February 8, 2012
Filed under Fashion
All that glitters is not gold, or green for that matter. Nancy Atkins and Mary Savoca are hoping to do something about that. The mother-daughter team founded Nancy’s Gone Green, an environmentally-friendly online boutique based in Framingham, MA.
Nancy and Mary first embarked on a green path by shopping at local flea markets and vintage clothing stores. After acquiring an impressive array of secondhand garments, they began selling pieces from their personal collections. The twosome quickly became eBay favorites to style seekers. Reeling from a high demand, Nancy decided to launch NancysGoneGreen.com in 2008.
In addition to pre-owned items, the virtual boutique sells all-natural cosmetics, accessories and shoes for women and children- all of which are easy on the earth.
According to Technical Textile Markets, a quarterly publication providing market data for modern-day textile industries, demand for man-made fibers such as polyester has nearly doubled over the past 15 years. The manufacturing of polyester and other synthetic fabrics requires large amounts of crude oil and processing techniques that involve harmful chemicals such as hydrogen chloride which are emitted into the air and water.
When selecting new products to retail, NGG looks for organic, sustainable or recycled materials. And because the method used is just as important as the end product, they also examine the seller’s production process to make sure there is little environmental impact.
“…We believe that caring for the earth includes caring for the people who inhabit it. We’re committed to only buying from sweatshop-free companies who pay fair wages. Our mantra is green and fair…we promise that the companies we work with are fully committed to the environmental and fair labor movements. They’re motivated by so much more than profits – they want to change this industry for the better,” says NGG’s website.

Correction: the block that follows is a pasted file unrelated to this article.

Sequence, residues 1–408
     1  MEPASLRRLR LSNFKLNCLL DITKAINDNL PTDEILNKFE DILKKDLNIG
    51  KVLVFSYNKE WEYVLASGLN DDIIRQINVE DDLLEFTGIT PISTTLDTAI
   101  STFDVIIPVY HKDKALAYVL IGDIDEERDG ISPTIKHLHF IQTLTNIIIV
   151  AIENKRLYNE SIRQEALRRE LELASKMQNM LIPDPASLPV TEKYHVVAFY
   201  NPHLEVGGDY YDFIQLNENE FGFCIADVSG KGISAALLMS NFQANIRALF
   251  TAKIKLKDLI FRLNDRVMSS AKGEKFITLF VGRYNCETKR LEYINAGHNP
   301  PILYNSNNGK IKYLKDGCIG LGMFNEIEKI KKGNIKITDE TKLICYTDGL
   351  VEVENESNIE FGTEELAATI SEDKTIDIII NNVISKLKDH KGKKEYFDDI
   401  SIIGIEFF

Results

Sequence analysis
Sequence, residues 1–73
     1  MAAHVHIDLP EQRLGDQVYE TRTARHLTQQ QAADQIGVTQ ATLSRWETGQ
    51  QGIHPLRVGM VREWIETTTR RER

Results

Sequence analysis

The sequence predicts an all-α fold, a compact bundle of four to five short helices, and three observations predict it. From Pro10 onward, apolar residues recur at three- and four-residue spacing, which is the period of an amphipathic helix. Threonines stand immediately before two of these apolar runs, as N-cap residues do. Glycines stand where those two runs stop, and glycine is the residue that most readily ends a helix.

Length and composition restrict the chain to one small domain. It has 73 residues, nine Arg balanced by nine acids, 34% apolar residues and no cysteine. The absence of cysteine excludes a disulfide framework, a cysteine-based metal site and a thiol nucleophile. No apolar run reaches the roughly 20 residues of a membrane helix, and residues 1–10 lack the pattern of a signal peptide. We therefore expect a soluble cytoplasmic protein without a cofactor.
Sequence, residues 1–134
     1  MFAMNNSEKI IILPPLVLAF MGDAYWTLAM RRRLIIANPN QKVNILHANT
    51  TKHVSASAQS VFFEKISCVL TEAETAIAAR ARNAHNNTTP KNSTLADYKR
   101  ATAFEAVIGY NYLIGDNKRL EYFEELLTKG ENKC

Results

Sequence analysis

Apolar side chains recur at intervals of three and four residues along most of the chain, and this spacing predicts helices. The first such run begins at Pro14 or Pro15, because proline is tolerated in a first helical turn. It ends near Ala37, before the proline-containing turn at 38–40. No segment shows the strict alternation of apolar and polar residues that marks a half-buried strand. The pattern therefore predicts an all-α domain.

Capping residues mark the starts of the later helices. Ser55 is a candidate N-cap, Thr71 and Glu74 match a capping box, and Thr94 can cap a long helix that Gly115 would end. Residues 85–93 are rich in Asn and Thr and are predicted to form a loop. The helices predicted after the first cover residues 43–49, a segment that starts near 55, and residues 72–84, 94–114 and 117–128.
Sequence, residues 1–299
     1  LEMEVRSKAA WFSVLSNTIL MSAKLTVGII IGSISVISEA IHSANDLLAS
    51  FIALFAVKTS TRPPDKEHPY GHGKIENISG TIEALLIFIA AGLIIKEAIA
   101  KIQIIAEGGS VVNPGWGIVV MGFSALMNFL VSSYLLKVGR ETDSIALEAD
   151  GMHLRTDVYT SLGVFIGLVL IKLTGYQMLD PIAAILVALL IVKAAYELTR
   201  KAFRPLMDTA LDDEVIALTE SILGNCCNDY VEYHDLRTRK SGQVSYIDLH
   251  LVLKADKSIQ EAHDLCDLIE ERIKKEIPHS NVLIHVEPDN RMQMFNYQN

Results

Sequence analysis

The term is called “fast fashion,” and society pays a high price for cheap fashion. In modern times it’s the norm to produce mass clothing quickly to capture current trends in fashion. The unfortunate result is not just the lack of emphasis on quality, but also unfair labor.
The Clean Clothes Campaign sat down with garment workers in China where they described the pressures of fast fashion. “We have endless overtime in the peak season and we sit working non-stop for 13 to 14 hours a day. It’s like this every day – we sew and sew without a break until our arms feel sore and stiff.”
Wal-Mart and other mega-retailers have been accused of exploiting workers with inhumane working conditions and insufficient wages. Mary admits that due to their ethics and standards, NGG may not be your cheapest option, but they are trying to be your best option.
Nancy and Mary promise to keep at least half of their inventory priced under $50. Better yet, if you see an identical product selling for less on another site, NGG will beat that price by 5 percent and “…the price tag you see reflects real value. Higher prices translate into spectacular design, lasting quality, and impeccable environmental standards. Always.”
One of many beautiful finds you can uncover in the NGG boutique is a secondhand vintage Gucci scarf, made of 100 percent silk. NGG gives you a taste of luxury for just $46. Similar scarves bought directly from Gucci’s online retailer will set you back over $300.
Other great brands NGG features are Global Girlfriend which helps women gain economic security by providing a market for their handmade goods. Urthbags is a fan favorite which offers one-of-a-kind handbags made from recycled and biodegradable materials such as seashells.
When you buy any product from NGG you will notice that consideration for the planet is not forgotten down to the very last step. All items shipped out to customers are in recycled shipping materials and minimum packaging to reduce waste.
The stylish pair is part of a movement that recognizes the desperate need to protect the earth that gives so much back. NGG says its mission is simple- “to make our world a little bit more beautiful, every day.”